ICO is an easy way for a startup to get funds for their project without having to do all the administration / legal that is required for example an IPO. Everyone can more or less conduct an ICO, which unfortunately have lead to a lot of scam ICO's where people have lost their money.

After 2017 and the beginning of the crypto bear market, the ICO boom kinda died out. Many people had bought the top on Bitcoin and other cryptos, so the interest to invest in risky ICO's was low.

Meet IEO - the new ICO

After the "death of ICO's" there emerged a new trend in crypto, IEO - Initial Exchange Offering. This initiative was lead by the cryptocurrency exchange Binance and is basically the same as an ordinary ICO, but the projects are selected by the exchange the token is expected to get listed shortly after the funding round is over.

ICO & IEO can be very rewarding, but are very high risk as well. A lot of startups fails. Always do your research before investing in any ICO/IEO.

Why did Ethereum price rise so high?

In 2017 there was an ICO rush, with Ethereums tokenization feature they made it very easy for other companies to create tokens and start their own ICO fundraising on Ethereums platform.

Many believe that the ICO rush was one of the biggest reason why Ethereums price rose so high, guess what the most common fundraising currency was....

Ether - hence there was a big demand to buy Ether to be able to participate in the ICO's.

But besides being used for ICO fundraising that, Ethereum brought something new to the Crypto / Blockchain scene with it's smart contract feature.

What problem does Ethereum solve?

As mentioned above, Ethereum label itself as programmable money. And with the addition of smart contracts, it gives the possibility for different parts to setup a digital smart contract that will automatically execute exactly as specified.

Let's look at an real world example on how a smart contract could look like.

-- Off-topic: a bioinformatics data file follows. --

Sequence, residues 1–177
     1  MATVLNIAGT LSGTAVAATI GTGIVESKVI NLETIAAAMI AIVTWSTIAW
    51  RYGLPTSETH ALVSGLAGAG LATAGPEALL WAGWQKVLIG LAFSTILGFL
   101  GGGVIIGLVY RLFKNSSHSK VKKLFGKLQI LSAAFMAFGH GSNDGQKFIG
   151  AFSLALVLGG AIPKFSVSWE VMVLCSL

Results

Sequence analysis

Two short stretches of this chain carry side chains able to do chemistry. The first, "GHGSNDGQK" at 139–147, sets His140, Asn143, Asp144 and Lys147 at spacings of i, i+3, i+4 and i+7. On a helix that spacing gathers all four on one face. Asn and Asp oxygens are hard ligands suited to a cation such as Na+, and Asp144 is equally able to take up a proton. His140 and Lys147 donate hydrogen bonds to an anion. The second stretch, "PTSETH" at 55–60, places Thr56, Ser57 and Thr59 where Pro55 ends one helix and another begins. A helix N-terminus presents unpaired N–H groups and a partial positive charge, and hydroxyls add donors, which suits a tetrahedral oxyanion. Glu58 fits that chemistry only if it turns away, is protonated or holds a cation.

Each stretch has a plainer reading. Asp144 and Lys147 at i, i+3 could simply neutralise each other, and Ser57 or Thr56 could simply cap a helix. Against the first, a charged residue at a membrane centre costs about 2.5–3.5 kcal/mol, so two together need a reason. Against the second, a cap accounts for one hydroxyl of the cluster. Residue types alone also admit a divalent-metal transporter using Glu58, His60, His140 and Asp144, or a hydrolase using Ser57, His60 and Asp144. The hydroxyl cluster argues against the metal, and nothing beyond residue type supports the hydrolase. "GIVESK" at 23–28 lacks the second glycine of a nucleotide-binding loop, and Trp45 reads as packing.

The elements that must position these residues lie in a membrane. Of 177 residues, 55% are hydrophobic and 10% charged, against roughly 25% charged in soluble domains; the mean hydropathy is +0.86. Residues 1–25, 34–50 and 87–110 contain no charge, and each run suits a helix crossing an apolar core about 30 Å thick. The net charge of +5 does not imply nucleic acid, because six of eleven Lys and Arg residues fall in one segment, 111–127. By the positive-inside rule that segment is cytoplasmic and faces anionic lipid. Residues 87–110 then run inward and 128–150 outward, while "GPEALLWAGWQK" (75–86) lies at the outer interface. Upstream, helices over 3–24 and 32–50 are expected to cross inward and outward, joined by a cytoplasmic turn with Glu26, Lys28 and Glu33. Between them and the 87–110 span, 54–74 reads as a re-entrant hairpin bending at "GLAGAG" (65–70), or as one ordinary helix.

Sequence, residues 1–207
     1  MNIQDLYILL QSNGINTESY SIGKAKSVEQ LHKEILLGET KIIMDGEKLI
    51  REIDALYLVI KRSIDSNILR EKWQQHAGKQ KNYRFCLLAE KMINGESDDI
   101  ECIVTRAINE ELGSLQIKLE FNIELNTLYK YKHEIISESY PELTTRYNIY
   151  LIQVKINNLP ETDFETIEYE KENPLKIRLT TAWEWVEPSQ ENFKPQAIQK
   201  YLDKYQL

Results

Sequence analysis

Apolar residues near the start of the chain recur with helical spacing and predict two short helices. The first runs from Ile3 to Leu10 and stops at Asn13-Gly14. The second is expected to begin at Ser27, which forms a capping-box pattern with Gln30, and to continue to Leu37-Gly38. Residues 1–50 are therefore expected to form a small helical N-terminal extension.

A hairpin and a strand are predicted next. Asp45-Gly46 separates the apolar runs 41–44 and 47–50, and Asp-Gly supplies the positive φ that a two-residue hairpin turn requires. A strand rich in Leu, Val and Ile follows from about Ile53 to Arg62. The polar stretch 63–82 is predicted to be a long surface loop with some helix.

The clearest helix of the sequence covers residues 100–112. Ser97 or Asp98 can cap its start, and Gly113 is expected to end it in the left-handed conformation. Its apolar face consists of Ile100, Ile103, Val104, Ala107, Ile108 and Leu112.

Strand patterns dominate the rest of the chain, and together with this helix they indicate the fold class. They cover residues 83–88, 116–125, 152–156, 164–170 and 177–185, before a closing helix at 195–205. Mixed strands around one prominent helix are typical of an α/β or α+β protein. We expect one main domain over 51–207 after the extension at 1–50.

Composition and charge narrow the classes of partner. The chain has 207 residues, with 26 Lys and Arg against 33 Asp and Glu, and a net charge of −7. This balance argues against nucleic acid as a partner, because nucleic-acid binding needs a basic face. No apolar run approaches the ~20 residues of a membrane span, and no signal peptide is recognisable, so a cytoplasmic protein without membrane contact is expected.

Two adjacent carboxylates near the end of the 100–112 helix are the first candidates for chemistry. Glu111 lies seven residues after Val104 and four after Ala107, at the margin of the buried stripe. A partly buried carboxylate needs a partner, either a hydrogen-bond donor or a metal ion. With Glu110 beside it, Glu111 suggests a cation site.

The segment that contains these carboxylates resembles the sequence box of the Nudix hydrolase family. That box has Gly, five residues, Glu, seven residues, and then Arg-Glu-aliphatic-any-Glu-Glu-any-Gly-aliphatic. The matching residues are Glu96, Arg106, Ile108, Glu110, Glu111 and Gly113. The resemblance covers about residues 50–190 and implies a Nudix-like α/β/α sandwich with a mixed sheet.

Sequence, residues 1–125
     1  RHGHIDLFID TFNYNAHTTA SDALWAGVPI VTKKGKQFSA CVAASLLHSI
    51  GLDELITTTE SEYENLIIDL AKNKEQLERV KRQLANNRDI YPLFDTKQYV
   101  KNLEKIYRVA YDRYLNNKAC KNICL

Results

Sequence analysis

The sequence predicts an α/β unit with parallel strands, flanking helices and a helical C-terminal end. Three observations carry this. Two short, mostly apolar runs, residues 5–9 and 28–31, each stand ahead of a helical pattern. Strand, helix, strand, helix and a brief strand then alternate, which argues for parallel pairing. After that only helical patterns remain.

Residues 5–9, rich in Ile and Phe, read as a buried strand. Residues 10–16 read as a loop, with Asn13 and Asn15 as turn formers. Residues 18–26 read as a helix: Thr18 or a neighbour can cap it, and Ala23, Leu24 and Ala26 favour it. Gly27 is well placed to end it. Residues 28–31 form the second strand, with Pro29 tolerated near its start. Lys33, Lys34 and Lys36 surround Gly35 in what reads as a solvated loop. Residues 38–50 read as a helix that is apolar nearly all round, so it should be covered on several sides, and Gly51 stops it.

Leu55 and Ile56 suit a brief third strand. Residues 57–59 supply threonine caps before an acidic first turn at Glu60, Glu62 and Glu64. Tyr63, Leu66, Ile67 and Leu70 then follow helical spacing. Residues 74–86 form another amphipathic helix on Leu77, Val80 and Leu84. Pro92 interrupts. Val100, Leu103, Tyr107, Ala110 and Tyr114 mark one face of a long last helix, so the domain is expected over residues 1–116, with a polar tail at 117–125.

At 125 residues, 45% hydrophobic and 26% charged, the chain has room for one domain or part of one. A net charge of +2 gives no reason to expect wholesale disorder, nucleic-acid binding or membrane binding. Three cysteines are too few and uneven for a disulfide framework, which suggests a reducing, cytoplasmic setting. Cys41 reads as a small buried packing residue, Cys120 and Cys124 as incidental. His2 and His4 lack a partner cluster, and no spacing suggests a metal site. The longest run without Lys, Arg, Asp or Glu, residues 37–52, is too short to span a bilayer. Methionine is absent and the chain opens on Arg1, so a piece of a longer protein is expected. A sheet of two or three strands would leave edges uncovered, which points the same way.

Imagine you are about to rent an apartment and setting up a traditional contract with your landlord. After signing the contract, you still need manually to pay rent every month/week, this can somewhat be automated today with recurring payments in your bank, but it still requires a bit of setup.

If you later terminate the contract, you still have to remember to cancel the recurring payments to the landlord etc.

With a smart contract on Ethereum, all of this can be fully automated from the signing of the digital contract. In the smart contract all terms are specified, how much that should be paid, when it should be paid etc. To start the agreement, both you and the landlord will sign the agreement with your respective Ethereum wallets and everyone will be handled as specified in the smart contract.

You don't need to do anything else after the contract is signed, and if the contract is later terminated, all the payments will be automatically canceled.

This is a very simple example but the possibilities for smart contracts are endless, and can disrupt and revolutionize more or less any branch, automating resource intensive administration tasks and execute contract between parts without any human interaction.


Summary

Well, if you are reading this then you are still with us, awesome. Let's do a short summary on Ethereum.

Ethereum is a blockchain software that have it's own cryptocurrency called Ether (ETH). Ethereum share many similarities with Bitcoin, it can be used to transfer assets from one person to another, it's borderless and offers fast and cheap transactions.

Besides this, it also empowers thousands of different decentralized applications also known as daps; anyone can develop and publish an app to Ethereums network.